February 17, 2016 at 11:59 AM · In order for this sub ride to be a success, it must be immersive. Disneyland's subs take you right into the water, even though you're not completely submerged. Nemo and the Living Seas takes you in a tube through an aquarium tank, so it's not really a convincing sub ride. Dry for wet is not really convincing either, although with a lot of detail, it might work. I seem to remember a dry for wet sub ride at Tokyo Disney Sea, which I've seen videos of, which look decent.
February 17, 2016 at 4:37 PM · The length is a little concerning, but the ride looks brilliant and I hope to see more like it across the board for SeaWorld.
February 17, 2016 at 5:56 PM · The first thing I thought of was Seabase Alpha too!

No complaints here if they want to make their own "Living Seas". It worked for EPCOT, it will work for them!

February 17, 2016 at 9:41 PM · Disney had to back down on the educational (and boring) aspects of EPCOT. SeaWorld was always more show than education. Now, SeaWorld is backing down on show (Shamu) and going slightly more kids and education. They're going to be a more traditional theme park although much less elaborate than Universal's attempt. This is good all around.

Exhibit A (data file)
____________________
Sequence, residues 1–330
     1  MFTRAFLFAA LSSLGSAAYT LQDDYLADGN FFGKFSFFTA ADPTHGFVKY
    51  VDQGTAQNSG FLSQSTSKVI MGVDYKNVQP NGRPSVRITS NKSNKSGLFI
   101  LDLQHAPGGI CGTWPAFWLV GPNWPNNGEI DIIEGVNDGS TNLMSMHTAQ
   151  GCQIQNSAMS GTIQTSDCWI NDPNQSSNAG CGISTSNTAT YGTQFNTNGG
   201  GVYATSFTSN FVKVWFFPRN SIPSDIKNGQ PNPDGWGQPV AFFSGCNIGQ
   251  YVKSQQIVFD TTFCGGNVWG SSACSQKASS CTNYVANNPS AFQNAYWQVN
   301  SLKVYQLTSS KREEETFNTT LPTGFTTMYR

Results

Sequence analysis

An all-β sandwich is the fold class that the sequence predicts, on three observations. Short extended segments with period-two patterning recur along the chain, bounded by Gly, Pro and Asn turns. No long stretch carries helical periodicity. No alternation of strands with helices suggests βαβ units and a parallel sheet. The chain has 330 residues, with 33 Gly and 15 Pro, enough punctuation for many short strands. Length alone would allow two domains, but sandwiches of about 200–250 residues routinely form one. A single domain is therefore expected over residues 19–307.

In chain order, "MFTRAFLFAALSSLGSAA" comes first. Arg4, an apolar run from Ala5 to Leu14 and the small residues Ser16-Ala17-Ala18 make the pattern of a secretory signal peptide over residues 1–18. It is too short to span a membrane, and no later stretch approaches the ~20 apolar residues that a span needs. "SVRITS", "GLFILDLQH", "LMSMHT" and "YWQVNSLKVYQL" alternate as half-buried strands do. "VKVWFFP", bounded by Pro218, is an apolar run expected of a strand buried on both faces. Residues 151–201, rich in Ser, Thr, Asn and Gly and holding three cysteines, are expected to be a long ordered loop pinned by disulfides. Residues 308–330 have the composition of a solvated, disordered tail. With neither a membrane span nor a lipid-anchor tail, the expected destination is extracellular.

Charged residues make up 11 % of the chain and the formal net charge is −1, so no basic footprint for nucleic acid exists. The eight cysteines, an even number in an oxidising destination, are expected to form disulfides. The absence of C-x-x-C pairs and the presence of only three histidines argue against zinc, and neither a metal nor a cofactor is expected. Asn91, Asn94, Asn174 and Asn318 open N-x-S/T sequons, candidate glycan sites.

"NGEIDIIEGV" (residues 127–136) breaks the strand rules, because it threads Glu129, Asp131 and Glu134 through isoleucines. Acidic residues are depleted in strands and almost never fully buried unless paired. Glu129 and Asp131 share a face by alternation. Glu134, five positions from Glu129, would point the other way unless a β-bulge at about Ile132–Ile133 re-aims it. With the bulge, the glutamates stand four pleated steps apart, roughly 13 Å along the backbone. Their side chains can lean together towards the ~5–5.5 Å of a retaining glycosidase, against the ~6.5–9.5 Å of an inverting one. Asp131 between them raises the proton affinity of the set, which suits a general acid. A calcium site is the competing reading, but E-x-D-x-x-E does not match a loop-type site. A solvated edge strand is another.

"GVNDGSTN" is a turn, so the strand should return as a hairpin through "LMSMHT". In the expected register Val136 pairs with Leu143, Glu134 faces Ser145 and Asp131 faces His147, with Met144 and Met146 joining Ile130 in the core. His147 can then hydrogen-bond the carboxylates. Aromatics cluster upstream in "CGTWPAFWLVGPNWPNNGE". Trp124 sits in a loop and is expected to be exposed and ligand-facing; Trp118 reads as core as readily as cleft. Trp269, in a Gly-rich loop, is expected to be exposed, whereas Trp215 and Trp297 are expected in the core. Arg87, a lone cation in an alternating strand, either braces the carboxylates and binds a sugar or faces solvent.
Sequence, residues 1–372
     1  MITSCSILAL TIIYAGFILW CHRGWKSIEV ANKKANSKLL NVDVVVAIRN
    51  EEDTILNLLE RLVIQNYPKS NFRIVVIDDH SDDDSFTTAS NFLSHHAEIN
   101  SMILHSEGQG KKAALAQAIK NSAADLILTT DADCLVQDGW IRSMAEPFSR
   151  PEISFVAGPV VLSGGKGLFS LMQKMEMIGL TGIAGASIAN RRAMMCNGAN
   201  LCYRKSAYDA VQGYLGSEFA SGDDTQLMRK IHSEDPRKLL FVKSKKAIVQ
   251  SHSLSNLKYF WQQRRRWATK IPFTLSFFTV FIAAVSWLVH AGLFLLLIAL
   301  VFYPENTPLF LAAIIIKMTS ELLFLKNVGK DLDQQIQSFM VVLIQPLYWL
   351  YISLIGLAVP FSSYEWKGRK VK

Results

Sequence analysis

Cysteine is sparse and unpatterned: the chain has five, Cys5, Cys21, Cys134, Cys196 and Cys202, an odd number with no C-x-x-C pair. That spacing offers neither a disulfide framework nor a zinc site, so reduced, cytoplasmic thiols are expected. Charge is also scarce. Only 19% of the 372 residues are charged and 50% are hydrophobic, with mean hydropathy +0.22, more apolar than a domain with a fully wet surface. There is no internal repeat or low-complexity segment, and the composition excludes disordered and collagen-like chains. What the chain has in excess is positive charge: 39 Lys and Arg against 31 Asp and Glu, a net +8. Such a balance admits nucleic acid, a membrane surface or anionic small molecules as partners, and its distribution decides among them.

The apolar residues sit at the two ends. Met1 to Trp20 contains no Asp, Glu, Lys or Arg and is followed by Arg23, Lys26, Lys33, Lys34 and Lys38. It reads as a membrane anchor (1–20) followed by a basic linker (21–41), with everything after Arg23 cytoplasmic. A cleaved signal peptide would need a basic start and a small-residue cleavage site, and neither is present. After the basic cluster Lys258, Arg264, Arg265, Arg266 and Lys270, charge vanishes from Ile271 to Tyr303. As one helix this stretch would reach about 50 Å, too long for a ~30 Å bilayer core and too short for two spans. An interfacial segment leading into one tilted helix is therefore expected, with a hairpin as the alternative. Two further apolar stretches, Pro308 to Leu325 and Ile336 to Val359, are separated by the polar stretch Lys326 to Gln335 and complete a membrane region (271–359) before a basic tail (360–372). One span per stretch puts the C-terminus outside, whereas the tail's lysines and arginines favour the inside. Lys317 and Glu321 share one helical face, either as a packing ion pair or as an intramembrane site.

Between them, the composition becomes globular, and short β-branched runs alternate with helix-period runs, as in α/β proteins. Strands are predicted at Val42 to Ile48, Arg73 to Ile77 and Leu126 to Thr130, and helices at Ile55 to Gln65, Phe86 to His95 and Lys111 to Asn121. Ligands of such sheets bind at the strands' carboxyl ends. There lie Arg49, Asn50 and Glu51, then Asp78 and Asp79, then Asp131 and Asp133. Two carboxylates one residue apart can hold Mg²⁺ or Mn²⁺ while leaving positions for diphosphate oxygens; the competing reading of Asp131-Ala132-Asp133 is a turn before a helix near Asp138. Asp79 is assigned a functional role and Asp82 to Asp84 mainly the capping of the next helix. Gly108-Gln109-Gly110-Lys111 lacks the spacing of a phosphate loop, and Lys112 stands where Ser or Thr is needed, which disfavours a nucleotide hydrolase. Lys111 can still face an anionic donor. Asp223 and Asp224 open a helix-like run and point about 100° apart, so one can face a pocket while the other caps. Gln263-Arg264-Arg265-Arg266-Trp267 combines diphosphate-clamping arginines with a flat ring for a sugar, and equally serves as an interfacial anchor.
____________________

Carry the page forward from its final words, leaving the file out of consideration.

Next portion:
February 18, 2016 at 12:15 AM · Sea World may not think they are competing with Disney but they certainly are competing with Universal, Six Flags, and Knott's. Have we all forgotten what happened in Orlando? After Harry Potter opened at IOA Disney barely skipped a beat, but Sea World attendance was decimated.